Miami-Dade’s plan to earmark as much as $76 million to build a Virgin Trains station in Aventura has left many wondering: What about Tri-Rail?
The publicly owned commuter line has long been slated for a second route, known as Coastal Link, that would carry passengers along Florida East Coast rail’s tracks. As early as the 1990s, discussions have centered around taking passengers from Miami up to Jupiter.
Extending Tri-Rail to Aventura seemed to move closer to reality in 2015, after Miami and Miami-Dade joined with Florida to spend about $70 million building a downtown Tri-Rail depot inside the private train station opened last year by Brightline’s parent.
The plan was to eventually extend Tri-Rail along Florida East Coast rail tracks, creating Tri-Rail’s second commuter route. Meanwhile, the private Virgin, whose parent owns the FEC tracks, would make express stops to Orlando and beyond.
Now that Virgin (previously known as Brightline) wants its own local stop in a tax-funded station in Aventura, leaders of the county’s transit system are publicly raising doubts about whether the additional Tri-Rail leg is still viable.
“Is Brightline or is Tri-Rail? I just want a Coastal Link as quickly as possible,” Miami-Dade Mayor Carlos Gimenez said Thursday.
“I think it puts a big question mark on Tri-Rail being able to do something,” said Esteban “Steve” Bovo, a county commissioner who also serves as chairman of the Tri-Rail board. “Really, the leader of the conversation for this corridor is Virgin.”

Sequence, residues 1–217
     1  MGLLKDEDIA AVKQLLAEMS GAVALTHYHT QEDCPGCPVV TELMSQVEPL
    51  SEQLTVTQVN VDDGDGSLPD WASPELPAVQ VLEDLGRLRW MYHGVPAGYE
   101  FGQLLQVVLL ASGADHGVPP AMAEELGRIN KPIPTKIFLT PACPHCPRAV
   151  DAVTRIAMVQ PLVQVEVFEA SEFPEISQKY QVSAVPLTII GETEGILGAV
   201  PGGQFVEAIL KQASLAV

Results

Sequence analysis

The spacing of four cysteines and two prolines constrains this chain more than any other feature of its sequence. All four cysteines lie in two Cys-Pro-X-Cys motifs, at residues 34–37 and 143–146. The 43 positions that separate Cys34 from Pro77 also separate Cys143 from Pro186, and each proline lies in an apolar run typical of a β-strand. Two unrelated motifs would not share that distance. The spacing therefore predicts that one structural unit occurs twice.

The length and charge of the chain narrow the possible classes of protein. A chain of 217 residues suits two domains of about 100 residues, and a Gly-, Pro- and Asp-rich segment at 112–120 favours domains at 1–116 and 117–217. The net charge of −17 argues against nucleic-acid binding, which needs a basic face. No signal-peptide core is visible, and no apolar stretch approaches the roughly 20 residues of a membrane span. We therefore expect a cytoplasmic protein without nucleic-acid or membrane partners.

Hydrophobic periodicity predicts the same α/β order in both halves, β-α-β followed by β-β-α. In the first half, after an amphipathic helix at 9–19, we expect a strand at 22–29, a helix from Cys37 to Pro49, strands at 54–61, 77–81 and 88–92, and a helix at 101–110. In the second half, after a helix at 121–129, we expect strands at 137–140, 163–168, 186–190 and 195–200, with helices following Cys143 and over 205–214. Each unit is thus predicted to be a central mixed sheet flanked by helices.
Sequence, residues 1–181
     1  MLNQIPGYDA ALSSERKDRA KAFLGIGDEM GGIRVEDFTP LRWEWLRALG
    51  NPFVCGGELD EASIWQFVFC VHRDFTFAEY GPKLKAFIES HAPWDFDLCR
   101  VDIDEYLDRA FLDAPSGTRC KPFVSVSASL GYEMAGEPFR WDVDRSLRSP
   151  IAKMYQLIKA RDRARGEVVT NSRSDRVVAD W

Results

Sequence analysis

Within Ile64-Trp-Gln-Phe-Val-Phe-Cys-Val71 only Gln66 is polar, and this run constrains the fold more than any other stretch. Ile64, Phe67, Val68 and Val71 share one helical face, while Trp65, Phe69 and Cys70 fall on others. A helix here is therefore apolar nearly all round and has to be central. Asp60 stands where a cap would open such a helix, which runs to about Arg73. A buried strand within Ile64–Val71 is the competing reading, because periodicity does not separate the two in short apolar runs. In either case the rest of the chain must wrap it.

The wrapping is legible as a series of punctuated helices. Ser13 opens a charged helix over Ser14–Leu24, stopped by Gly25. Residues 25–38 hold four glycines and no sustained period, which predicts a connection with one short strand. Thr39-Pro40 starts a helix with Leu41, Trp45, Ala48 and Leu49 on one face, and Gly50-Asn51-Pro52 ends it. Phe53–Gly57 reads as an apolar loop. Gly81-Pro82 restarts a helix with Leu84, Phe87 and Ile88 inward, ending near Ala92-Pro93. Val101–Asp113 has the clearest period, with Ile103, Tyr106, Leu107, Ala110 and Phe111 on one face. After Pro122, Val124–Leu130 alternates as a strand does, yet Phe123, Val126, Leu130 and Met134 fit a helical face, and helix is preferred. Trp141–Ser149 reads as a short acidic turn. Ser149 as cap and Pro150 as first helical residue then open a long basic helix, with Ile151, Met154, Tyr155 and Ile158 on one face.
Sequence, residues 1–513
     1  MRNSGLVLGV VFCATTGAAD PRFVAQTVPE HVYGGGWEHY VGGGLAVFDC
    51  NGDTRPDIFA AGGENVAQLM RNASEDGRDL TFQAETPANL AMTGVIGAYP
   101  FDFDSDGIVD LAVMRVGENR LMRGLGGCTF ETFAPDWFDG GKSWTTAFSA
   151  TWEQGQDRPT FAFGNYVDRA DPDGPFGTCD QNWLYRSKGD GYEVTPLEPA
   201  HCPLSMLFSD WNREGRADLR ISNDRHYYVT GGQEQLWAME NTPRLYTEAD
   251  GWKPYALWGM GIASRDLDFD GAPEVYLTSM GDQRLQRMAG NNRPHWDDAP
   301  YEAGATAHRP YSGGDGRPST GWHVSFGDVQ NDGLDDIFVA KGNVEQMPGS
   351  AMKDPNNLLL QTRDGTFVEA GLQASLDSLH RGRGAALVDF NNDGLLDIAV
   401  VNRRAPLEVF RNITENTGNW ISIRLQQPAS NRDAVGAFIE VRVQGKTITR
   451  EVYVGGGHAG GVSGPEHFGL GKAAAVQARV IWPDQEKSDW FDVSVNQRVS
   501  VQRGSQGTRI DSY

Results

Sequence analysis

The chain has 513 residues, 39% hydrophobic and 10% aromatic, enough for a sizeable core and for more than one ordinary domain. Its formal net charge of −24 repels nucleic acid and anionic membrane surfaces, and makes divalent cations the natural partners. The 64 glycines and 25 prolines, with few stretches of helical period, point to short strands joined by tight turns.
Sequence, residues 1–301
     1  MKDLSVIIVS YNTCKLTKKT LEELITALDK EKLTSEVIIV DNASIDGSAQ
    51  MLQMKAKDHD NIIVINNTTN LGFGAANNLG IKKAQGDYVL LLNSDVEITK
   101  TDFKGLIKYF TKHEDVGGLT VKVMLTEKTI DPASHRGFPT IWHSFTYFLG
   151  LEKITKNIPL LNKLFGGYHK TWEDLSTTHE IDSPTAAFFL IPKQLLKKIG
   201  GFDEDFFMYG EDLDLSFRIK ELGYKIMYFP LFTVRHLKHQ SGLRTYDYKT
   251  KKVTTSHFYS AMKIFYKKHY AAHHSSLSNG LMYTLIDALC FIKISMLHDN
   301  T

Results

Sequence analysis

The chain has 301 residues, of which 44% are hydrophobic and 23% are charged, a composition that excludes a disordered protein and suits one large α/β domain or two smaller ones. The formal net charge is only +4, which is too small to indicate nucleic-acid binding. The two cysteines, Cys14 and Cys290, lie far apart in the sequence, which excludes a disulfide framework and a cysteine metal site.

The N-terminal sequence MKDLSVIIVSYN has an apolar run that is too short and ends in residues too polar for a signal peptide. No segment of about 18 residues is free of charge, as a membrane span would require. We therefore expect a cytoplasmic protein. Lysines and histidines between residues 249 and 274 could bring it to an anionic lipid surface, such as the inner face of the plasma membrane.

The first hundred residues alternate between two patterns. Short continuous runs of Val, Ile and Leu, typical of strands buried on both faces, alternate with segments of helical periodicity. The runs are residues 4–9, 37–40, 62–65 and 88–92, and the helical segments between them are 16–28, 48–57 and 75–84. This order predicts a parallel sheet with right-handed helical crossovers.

Javier Betancourt, executive director of the 15-member Citizens Independent Transportation Trust created to oversee the People’s Transportation Plan funded with the half-penny sales surtax, has sent a series of questions to CITT board members. Among them: whether Brightline has any intention of allowing Tri-Rail onto its tracks.
“We certainly still hope it will come to fruition,” he said. “And that the parties will negotiate an access fee to allow that to happen.”
Two years ago, when it was still called Brightline, the company was already signaling it was not eager to grant Tri-Rail access to its tracks. In 2017, Florida’s Transportation Department announced it was suspending a study on the Coastal Link after Miami-Dade was unable to reach a deal with Brightline to accommodate Tri-Rail trains alongside the existing tracks running northeast between Miami and Aventura. The company told county officials it might want to operate a commuter line itself.
“The Northeast corridor has been on hold,” Aileen Bouclé, director of the county’s transportation board, said during an August 2017 meeting. James Wolfe, head of the Transportation Department’s Miami office, wrote the mayor of Miami and Miami-Dade in early 2018 regarding Tri-Rail expansion: “The owner of that corridor is not currently interested in discussing access to the corridor.”
Now Virgin, which says its Aventura stop comes in response to local demand, wants to expand service within Miami-Dade’s northeast corridor.